CHAPTER 14.-- RURAL/MOUNTAIN MINISTRIES                    united-states-urban-areas-and-clusters-map.jpg


A.                RURAL/MOUNTAIN AREAS

Although eighty-four percent of Americans live in Urban settings, that still leaves 16% of Americans who live in rural areas which contain 90% of land.. That is twice as many as live in CA, the most populous state, or more than live in England or France. Rural is defined by the government as an area with only 2,500 population per square mile.

To suggest that rural America is a mission field is clearly to be at odds with popular opinion and seems to contradict pollsters' findings. The polls suggest that 65 percent of small-town Americans are churched. This is five percentage points above the national average. However, averages totally ignore the hard fact that some areas must have a higher percentage of unchurched. The greatest ratio of unchurched Americans is found in rural areas of the Western states, the Ozark mountains, and the Appalachian mountain regions. This observation led pollster Russell Hale to postulate that "the unchurched phenomenon in the United States may be primarily rural rather than urban." Keep in mind that 80 percent of America's 3144 counties are rural.

 The largest ethnic minority in rural America is African American. Racial minority children represent 24% of children in rural America. Twenty percent of children live in families living below the poverty line of $25,000 per year for a family of four. The poverty rate for children of married couples is one-fourth that for those living in single-parent families. Early premarital childbearing increases the likelihood of maternal and child poverty. The poverty rate for a child born to a teenage, unmarried, non high school graduate mother, is 78%.

Americans living in nonurban areas are a mission field for four reasons. First, many rural communities have no local church witness. That is true in 10 percent of the counties in the United States. It is also true for 15,000 villages scattered across the country. Some places have never had a church, and in other areas churches have closed. Maynard Mathewson, former director of the Rural Home Missionary Association [1942] [RHMA], estimates that between 70,000 and 90,000 rural churches are closed. That amounts to 20 percent of America's 300,000 churches. He further speculates that 1,000 churches are closing each year. Bob Clark, of the Rural Bible Crusade [1937] of Wisconsin, suggests that in the last fifty years, 90 percent of America's rural churches have closed. This is a colossal waste, but more important, it limits the spiritual help available to 65,000,000 people who live in rural areas. The vision of Lloyd Hunter, founder of Rurual Bible Crusade, for young people to learn 500 Bible Verses, grew across the nation until the ministry in numerous states became Rural Bible Crusade National [1994], then Bible Impact Ministries [1990] which developed the program known as 'Bible In Me'. As of 1995 they developed the Whispering Winds Bible Camp in Cook Station, Missouri.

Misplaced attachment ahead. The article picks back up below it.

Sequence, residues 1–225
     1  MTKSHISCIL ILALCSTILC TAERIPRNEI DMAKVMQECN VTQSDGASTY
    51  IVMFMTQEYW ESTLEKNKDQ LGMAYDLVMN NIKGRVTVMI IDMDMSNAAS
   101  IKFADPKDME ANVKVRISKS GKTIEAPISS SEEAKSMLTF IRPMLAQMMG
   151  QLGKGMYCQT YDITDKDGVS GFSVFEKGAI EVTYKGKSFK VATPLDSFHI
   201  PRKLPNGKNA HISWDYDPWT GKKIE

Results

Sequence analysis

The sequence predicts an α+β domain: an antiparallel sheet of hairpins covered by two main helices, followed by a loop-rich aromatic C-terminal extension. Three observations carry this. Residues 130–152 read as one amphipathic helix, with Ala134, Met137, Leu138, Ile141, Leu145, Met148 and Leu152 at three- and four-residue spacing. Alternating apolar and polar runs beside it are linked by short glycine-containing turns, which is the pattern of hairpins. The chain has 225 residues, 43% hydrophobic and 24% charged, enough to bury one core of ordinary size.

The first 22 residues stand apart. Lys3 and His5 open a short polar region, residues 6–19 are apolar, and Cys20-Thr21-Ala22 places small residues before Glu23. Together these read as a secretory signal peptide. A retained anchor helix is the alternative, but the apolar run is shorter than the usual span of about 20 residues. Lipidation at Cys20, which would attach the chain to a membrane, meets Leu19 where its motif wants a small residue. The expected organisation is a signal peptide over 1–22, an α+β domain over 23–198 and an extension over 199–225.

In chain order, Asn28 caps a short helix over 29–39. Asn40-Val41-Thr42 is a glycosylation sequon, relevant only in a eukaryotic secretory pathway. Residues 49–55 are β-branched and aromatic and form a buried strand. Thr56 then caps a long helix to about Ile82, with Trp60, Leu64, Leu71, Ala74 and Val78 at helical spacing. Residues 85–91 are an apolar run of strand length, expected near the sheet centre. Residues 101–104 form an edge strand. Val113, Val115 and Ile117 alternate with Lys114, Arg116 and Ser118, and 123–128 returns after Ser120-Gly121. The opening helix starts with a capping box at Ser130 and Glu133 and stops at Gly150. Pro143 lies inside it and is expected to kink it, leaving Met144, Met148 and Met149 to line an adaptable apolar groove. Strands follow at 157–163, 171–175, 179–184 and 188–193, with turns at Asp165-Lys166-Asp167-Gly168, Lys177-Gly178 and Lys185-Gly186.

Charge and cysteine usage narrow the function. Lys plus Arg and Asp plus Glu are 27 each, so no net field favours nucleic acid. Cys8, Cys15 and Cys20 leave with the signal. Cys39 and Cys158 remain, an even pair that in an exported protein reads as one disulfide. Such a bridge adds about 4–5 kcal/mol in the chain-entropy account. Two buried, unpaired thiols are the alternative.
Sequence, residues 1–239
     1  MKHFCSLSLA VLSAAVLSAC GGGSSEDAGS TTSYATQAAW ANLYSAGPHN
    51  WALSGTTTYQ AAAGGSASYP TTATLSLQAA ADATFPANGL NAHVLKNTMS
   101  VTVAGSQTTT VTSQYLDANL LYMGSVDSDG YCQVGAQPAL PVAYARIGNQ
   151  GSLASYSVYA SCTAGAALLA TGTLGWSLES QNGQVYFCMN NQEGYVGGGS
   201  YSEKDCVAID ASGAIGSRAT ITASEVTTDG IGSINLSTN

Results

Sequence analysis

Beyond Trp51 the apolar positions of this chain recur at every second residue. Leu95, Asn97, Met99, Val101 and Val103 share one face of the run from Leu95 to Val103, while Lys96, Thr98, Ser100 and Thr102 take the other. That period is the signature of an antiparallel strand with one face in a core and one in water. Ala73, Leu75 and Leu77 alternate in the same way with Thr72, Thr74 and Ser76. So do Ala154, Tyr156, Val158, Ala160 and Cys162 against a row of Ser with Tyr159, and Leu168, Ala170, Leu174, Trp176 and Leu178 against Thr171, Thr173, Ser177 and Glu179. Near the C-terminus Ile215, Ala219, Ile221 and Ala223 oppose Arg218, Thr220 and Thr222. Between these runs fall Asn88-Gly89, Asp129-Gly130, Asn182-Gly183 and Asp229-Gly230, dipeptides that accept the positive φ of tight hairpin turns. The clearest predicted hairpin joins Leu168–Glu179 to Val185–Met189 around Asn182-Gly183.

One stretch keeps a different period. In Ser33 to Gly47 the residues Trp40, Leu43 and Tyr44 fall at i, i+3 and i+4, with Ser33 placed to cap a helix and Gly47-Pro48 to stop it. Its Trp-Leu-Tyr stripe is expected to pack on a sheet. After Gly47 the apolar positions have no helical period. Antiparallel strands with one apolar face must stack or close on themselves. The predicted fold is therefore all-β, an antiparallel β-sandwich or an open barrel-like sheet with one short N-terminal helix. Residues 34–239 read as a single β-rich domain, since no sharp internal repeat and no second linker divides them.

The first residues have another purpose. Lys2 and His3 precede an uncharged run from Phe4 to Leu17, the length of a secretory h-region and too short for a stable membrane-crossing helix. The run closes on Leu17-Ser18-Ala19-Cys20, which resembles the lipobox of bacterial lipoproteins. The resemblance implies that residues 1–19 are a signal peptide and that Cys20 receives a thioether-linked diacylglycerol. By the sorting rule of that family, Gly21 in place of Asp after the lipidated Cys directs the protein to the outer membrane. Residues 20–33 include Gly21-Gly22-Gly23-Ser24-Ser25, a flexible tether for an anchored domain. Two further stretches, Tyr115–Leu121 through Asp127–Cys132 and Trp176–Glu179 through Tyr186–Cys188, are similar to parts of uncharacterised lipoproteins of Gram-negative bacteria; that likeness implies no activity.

The tragedy of closed rural churches is not the abandoned church buildings. It is the fact that more people now live in many rural areas than ever before, yet often there are no rural churches. In many rural communities it is "only as the rural missionary comes into the area with the gospel that the people encounter an active witness for Christ."

Second, rural America is a mission field because many rural churches are small, struggling, or dying institutions. One-half of all American churches have an attendance of fewer than seventy-five members. Clyde White of Operation Out-Reach says that many rural churches have an attendance of fewer than fifty. In many situations the churches cannot afford to give the pastor a living wage; therefore, they find it difficult to attract highly-skilled men unless those men are willing to be bivocational. As a result, at least 26,000 churches are without a pastor and other thousands of churches have itinerant clergy who minister to several congregations periodically. In such circumstances missions such as the American Mission for Opening Churches supply missionary-pastors. The missionary-pastor, having raised at least part of his support from concerned churches, is able to carry on an effective full-time ministry because his salary is subsidized. Church Planters to America's [1996] director, Tom Buckley indicates that their goal is to help communities in small-town America to either open closed churches, help struggling churches or plant a new church by supplying missionary pastors who can be by-vocational.